Advances in nanomaterials hold the key for resolving many formidable energy challenges in the 21st century. Although many revolutionary technologies have been developed for a clean, secure and sustainable energy future, economically viable devices with sufficient high energy and power densities for automobiles, portable electronics, and other power tools are still lacking. Supercapacitors (SCs) are poised to address our current energy storage and delivery needs by combining the high power, rapid switching, and exceptional cycle life of a capacitor with the high energy density of a battery. While activated carbon and carbon nanotubes (CNTs) are extensively used as supercapacitor electrodes due to their superior properties, their low specific capacitance (100-120 F/g) fundamentally limits the energy density of SCs. Defects in nanomaterials, which are often dismissed as material performance limiters, can enhance electrochemical properties and are central for improving the current SC performance. Here, we show that the structural, compositional, and morphological defects in carbon nanomaterials can improve the performance from 100-120 F/g to beyond 650-800 F/g. For instance, while helically coiled CNTs improve the double layer capacitance, N-doped CNTs exhibit an enhanced pseudo-capacitance and vacancies in graphene alter the quantum capacitance. Accordingly, we demonstrate that by controlling type, nature, and bonding environment of defects in carbon nanomaterials, one can efficiently tune the double-layer (via changes in surface area), pseudo (by inducing new redox activity) and quantum (through altering the density of states) capacitance of SCs. Most importantly, we developed scalable roll-to-roll processes for producing nanocarbon-based SCs employing various Al current collectors (ranging from simple kitchen Al foil to industry-standard Al cathode) for high energy and power density SCs at a low cost < $1 Wh/Kg. This work is supported by NSF-CMMI scalable nanomanufacturing SNM # 1246800 award, and is a result of strong collaboration with an industrial partner Cornell Dubilier, Liberty, SC. Co-authors include the team members of Profs. P. Bandaru (UCSD), Mark Roberts (Clemson) and R. Podila (Clemson).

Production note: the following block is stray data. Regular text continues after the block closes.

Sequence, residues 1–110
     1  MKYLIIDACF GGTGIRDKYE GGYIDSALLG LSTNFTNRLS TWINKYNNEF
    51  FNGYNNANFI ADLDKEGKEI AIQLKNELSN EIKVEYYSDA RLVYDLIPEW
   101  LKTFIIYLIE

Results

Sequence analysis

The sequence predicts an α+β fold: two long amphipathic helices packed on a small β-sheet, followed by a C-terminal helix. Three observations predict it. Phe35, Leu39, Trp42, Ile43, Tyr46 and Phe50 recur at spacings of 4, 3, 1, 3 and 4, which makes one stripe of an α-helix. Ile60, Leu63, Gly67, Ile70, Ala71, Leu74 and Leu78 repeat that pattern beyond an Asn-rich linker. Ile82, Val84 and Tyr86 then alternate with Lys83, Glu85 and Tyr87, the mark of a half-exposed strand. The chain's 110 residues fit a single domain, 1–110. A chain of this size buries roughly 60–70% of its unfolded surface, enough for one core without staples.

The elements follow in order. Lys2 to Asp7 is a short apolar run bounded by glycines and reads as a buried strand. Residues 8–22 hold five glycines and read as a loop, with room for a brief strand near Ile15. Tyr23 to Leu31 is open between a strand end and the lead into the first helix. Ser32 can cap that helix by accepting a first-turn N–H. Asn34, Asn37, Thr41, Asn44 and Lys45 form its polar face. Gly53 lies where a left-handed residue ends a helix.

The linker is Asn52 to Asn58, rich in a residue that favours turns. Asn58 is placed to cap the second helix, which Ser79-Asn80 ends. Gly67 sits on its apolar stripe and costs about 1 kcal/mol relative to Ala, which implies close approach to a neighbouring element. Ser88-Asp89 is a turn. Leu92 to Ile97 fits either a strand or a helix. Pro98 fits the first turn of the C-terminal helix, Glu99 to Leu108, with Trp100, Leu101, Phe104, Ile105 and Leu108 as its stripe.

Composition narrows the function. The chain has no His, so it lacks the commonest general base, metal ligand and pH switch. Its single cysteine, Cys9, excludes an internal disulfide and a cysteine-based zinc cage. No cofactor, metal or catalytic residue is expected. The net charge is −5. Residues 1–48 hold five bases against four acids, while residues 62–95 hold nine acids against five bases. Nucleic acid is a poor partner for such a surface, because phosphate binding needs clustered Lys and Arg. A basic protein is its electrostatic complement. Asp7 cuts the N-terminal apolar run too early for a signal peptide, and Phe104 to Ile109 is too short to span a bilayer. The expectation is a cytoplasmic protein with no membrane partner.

Clemson University, Clemson Nanomaterials Center
You must be logged in and own this session in order to